Ahead of what is predicted to be its busiest night of the year, the London Ambulance Service has called on people to help reduce its workload.

This New Year’s Eve, the service is expecting to take more than 7,000 emergency calls – around 2,000 more than the daily average for London in 2018.

Last year, during the peak time between 2am and 3am on New Year’s Day, more than 400 calls were received – almost double the usual hourly rate.

This December has been a particularly busy month due to Christmas festivities and early arrival of winter illnesses like flu.

Plans are in place to put more ambulances on the road and staff in control rooms. A number of staff will be deployed on foot at the New Year’s Eve music and fireworks event around the River Thames so they can easily respond to calls within the crowded area.

In addition to extensive preparations, Londoners are being urged to help reduce pressure where possible so that the most critically injured or ill people can be prioritised.

Chief Operating Officer Khadir Meer, said: “New Year’s Eve is traditionally very busy for us and this year is likely to be no exception given the level of demand we have seen so far this month.

“It’s great fun seeing in the New Year in the capital, but Londoners can help us to make sure we get to the most critically ill patients quickly.

“Many calls over the past few weeks did not actually need an emergency response and were treated by self-care. Please remember that 999 is for emergencies. If it’s not an emergency, but you need medical help or want reassurance, go direct to NHS 111 online.”

While demand for ambulances is generally high on New Year’s Eve, London Ambulance Service also sees numerous incidents where heavy drinking has played a part in injuries. In the 12 hours from 6pm on New Year’s Eve 2018, it responded to just under 400 alcohol-related incidents. In the busiest hour between 1am and 2am it took more than one call every minute where alcohol was a factor.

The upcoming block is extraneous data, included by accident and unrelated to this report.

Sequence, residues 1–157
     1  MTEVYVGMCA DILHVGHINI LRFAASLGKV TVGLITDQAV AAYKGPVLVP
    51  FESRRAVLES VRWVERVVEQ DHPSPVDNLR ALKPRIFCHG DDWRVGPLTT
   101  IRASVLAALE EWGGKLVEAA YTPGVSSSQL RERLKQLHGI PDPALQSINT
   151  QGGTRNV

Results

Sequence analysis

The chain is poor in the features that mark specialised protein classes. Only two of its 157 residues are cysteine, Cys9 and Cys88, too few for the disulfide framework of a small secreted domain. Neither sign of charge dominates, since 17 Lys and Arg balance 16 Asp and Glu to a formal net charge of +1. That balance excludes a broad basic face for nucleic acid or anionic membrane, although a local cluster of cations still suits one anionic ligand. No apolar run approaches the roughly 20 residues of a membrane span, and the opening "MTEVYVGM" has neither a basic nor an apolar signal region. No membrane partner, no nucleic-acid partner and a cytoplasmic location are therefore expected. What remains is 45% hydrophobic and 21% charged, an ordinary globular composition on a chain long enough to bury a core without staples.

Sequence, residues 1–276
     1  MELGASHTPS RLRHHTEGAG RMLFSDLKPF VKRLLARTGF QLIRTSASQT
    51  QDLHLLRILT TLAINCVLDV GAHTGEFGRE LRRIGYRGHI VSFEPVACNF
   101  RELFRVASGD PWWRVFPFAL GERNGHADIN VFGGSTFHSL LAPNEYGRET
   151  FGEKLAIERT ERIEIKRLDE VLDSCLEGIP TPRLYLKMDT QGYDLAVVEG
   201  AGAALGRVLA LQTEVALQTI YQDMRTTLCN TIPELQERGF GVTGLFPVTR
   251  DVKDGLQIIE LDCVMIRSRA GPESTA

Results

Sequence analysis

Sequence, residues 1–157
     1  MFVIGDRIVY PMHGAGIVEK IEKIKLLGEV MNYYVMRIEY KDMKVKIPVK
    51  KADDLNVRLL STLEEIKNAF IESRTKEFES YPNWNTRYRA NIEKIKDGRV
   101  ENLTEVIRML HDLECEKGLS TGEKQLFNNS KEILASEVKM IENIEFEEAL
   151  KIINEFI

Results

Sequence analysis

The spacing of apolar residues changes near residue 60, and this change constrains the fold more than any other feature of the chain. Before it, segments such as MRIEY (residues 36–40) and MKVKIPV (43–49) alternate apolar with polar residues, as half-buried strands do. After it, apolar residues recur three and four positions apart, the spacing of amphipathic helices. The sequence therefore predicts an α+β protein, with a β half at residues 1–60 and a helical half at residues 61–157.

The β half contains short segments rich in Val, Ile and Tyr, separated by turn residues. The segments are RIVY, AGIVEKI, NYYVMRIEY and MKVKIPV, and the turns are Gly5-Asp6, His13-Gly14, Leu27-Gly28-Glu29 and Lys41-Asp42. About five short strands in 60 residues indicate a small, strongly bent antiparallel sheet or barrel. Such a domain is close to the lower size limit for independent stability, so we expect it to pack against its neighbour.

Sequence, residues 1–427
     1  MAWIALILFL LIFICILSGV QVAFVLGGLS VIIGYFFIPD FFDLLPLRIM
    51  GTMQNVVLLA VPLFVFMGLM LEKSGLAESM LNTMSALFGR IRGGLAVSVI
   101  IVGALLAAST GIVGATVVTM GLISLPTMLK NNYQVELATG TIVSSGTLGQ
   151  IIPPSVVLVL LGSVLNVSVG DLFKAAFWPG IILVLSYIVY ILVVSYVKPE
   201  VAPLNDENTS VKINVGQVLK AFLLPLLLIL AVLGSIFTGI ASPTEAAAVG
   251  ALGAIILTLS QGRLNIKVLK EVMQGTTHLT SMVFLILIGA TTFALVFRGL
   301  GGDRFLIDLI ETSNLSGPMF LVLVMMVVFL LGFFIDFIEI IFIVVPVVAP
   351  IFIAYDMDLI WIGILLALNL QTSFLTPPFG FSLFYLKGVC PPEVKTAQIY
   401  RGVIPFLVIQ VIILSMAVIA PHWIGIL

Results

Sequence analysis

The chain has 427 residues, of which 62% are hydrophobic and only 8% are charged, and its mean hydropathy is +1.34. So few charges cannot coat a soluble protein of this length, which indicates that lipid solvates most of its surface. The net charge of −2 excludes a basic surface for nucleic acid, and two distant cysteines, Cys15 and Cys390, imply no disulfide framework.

To counter this, London Ambulance Service is once again supporting the City of London’s ‘Eat, Pace and Plan’ campaign to encourage people to take steps to ensure they do not need its help.

Mr Meer added: “It’s a busy time for alcohol-related incidents but they are entirely avoidable. Unfortunately, if people are unconscious through drink, we have to prioritise that call but we don’t know until we get there whether it’s a genuine life-threatening emergency or not.

“We are simply asking people look after themselves. Eat something before you go out. Pace yourself by alternating with soft drinks or water so you reduce how much alcohol you are consuming. Finally, have a plan to get home so you don’t get stranded and you get home safely.”

Mr Meer also paid tribute to staff for their work over the year and to those who are working over the festive period.

He said: “We are 24/7 organisation, 365 days a year, and I would like to thank all staff for their hard work in 2019.

“For those working over Christmas and NYE, I would like to offer special thanks for giving up time with family and friends to keep Londoners safe and healthy. It is greatly appreciated.”